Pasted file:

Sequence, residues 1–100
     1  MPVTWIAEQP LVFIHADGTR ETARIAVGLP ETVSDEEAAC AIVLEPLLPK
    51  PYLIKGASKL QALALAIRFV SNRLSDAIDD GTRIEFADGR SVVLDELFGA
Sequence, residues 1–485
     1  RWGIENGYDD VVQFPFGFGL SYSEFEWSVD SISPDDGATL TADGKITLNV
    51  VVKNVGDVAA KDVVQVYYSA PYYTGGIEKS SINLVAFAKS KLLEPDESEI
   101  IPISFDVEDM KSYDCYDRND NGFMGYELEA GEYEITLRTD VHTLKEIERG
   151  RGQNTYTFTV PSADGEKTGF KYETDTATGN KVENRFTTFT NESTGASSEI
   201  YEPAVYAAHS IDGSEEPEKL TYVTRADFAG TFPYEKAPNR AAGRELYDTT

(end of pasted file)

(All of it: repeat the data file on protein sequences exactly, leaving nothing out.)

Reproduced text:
Sequence, residues 1–100
     1  MPVTWIAEQP LVFIHADGTR ETARIAVGLP ETVSDEEAAC AIVLEPLLPK
    51  PYLIKGASKL QALALAIRFV SNRLSDAIDD GTRIEFADGR SVVLDELFGA
Sequence, residues 1–485
     1  RWGIENGYDD VVQFPFGFGL SYSEFEWSVD SISPDDGATL TADGKITLNV
    51  VVKNVGDVAA KDVVQVYYSA PYYTGGIEKS SINLVAFAKS KLLEPDESEI
   101  IPISFDVEDM KSYDCYDRND NGFMGYELEA GEYEITLRTD VHTLKEIERG
   151  RGQNTYTFTV PSADGEKTGF KYETDTATGN KVENRFTTFT NESTGASSEI
   201  YEPAVYAAHS IDGSEEPEKL TYVTRADFAG TFPYEKAPNR AAGRELYDTT